• Si Biggs

Royal Marines Labour Corps

The Royal Marines Labour Corps was formed on 2nd February 1917 to resolve the manpower needs created in French ports caused by the need to unload the vast amount of stores being shipped to support the British Expeditionary Force.

Royal Marines Labour Corps Private photographed at Deal (wearing the controversial RMLC letters)

The hub of the unit was created by transferring two companies of Army Service Corps personnel to it; however additional recruitment was soon opened in all the major English ports. The men had to be over 41, the maximum age for combat units at that time; many of those who did volunteer were over 50 and saw the RMLC as a way to do their bit for the war effort in France.


Eventually almost 8,000 men attested into the RMLC for service in France. As they were recruited to be dock workers there was no desire or need to train these men at drill, turnout or with weapons, therefore they received little military training.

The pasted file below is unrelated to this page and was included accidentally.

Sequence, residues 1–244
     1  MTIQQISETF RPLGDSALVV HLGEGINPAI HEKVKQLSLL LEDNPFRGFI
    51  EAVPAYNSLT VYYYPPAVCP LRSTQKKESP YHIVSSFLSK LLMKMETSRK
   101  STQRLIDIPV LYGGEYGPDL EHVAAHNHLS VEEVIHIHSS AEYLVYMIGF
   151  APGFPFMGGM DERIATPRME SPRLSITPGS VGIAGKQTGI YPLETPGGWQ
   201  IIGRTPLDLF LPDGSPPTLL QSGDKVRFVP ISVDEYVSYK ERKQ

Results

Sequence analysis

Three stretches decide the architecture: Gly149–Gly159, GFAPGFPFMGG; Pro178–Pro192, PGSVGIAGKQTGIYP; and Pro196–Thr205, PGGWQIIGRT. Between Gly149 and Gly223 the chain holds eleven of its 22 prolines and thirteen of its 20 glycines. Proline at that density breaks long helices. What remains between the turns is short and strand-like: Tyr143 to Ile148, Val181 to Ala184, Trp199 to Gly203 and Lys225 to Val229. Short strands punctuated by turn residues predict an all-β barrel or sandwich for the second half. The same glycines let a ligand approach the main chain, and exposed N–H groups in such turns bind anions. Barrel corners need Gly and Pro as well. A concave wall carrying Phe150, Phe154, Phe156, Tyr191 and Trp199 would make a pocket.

Although never involved at the front line, the ports were frequently shelled and the RMLC suffered 25 men killed by enemy action, 14 more were killed in accidents and a further 95 men died of disease or natural causes.


During the war the RMLC were awarded three OBEs, one DSC, seven DSMs, eleven MSMs and 59 mentions in dispatches for service in France.





By John Rawlinson - Royal Marines Historical Society


First World War recruitment poster for The Royal Marine Labour Corps. In care Royal Marines Museum.

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